If we are to improve lives on a global scale and solve the world’s most pressing problems, we must use philanthropy and implement large pay-for-success models to catalyze systemic change.
Enter Outcome Funds.
These funds are professionally managed vehicles that sign outcome-based contracts with social delivery organizations. Their goal is to scale outcome-based contracts and drastically reduce the time and cost it takes to put them in place. Once a contract between a delivery organization and an outcome fund has been signed, the delivery organization can raise the investment capital it needs to fulfill the contract. Investors – whether independent ones or those working for development aid organizations or philanthropic foundations – can provide this capital through DIB funds.
You can view DIB funds and outcome funds as the two electrodes of a battery, powering the funding of delivery organizations. DIB funds pay the upfront money, while outcome funds pay when the outcomes have been achieved.
This innovative approach is illustrated in the diagram below.
The dynamic between SIB/DIB funds and outcomes funds is established through the following steps: 1. Outcome funders commit $1 billion to the outcome fund, which signs outcome contracts with delivery organizations.
2. This catalyzes up to $700 million from investors who finance the social delivery organizations, through DIB funds, to deliver their interventions.
3. NGOs and purpose-driven businesses deliver the education interventions to improve learning outcomes.
4. Students experience increased educational attainment, which is independently verified.
5. Achievement of the contracted outcomes triggers payments from the Outcome Fund to repay investors the original investment with a return that increases with the degree of success.
For example, the Education Outcomes Fund for Africa and the Middle East (EOF) aims to raise $1 billion to improve the educational attainment of ten million children. EOF is a joint initiative between the Global Steering Group for Impact Investment (GSG) and the Education Commission. It is supported by an international group of foundations looking for innovative ways to maximize improvement in education in Africa and the Middle East, including the Aliko Dangote Foundation, Ford, Omidyar, The Big Win, ELMA, UBS Optimus, Hewlett and DFID.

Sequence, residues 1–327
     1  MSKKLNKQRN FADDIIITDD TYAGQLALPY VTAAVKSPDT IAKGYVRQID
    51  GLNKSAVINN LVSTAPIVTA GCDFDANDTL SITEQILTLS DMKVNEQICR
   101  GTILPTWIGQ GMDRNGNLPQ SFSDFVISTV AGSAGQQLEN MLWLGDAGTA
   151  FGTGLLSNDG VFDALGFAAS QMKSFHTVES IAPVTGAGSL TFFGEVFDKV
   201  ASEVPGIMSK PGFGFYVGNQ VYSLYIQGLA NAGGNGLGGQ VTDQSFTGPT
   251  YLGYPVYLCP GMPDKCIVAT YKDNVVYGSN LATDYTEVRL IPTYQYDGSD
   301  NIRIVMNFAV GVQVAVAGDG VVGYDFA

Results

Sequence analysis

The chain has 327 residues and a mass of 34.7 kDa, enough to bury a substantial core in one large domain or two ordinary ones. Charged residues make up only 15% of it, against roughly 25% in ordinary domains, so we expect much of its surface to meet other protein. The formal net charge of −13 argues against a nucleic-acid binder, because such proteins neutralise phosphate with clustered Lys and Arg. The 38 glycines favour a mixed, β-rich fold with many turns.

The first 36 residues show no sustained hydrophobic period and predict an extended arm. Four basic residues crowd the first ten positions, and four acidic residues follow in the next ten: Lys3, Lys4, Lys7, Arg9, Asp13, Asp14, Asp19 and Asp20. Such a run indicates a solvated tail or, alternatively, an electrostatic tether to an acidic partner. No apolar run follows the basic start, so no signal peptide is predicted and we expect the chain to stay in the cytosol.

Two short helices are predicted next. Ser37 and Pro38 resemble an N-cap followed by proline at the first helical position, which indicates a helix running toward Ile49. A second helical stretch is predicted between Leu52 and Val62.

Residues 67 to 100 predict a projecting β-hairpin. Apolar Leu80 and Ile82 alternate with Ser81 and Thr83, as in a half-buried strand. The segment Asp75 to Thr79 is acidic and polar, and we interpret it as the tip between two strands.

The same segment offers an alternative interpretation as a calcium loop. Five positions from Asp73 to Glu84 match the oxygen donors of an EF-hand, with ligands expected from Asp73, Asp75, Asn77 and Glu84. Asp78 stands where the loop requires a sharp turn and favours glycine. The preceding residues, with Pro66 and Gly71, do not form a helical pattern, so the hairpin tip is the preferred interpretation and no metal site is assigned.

Led by Dr. Amel Karboul, a former Tunisian government minister, the EOF helps catalyze investment in effective education delivery organizations, such as Camfed and iMlango. Camfed is an NGO that has supported the education of over 500,000 girls in the most deprived communities of Zimbabwe, Tanzania, Ghana, Zambia and Malawi. Similarly, iMlango is an NGO that establishes schools in rural areas of Kenya with an individualized e-learning platform, computer tablets and broadband access.
As with the Educate Girls project discussed in my previous blog, the outcome fund model is being used to help scale education efforts. The British Asian Trust’s outcome fund has raised $11 million to expand the project throughout Rajasthan, Gujarat and Delhi, which will help 200,000 children.
One of the most promising efforts is being led by the government of Liberia. The Liberian Educational Advancement Program (LEAP) represents an early step towards introducing the approach of an outcome fund to social service delivery in the country. It aims to improve educational attainment in the country’s schools – as of 2015, 25 percent of 15–24-year-olds were illiterate, and 52 percent of primary-school-age children were not enrolled in school. While LEAP currently operates as a public–private partnership, the goal is for LEAP to become an outcome-based program, in which the achievement of targeted outcomes will dictate payments made to LEAP by outcome funders.
Large outcome funds will make it easier to get bigger SIBs and DIBs off the ground and reduce the time and cost it takes to launch them. By multiplying and extending interventions, large outcome funds will bring systemic change in education, healthcare, employment and the environment.
In a world with its share of significant problems, scaling up solutions is imperative. We must make a systemic change if we really want to tackle social and environmental issues. As money flows into multi-billion-dollar outcome funds and they attract large SIB and DIB funds to invest opposite them, impact entrepreneurs leading delivery organizations will raise the funding they need to implement their innovative approaches at scale. Doing so will bring systemic change– just as venture capital and tech entrepreneurs brought systemic change through the Tech Revolution.
I believe that outcome funds will catalyze breakthroughs that will enable the world’s best NGOs and social entrepreneurs to raise more money, scale their operations and help more people. The scale of our problems requires powerful new mechanisms.
Join me next time when we take a deep dive into endowments and how impact investment offers innovative foundations a way to achieve greater impact. Until then, read IMPACT: Reshaping Capitalism to Drive Real Change. Join the Impact Revolution and make your mark on the world.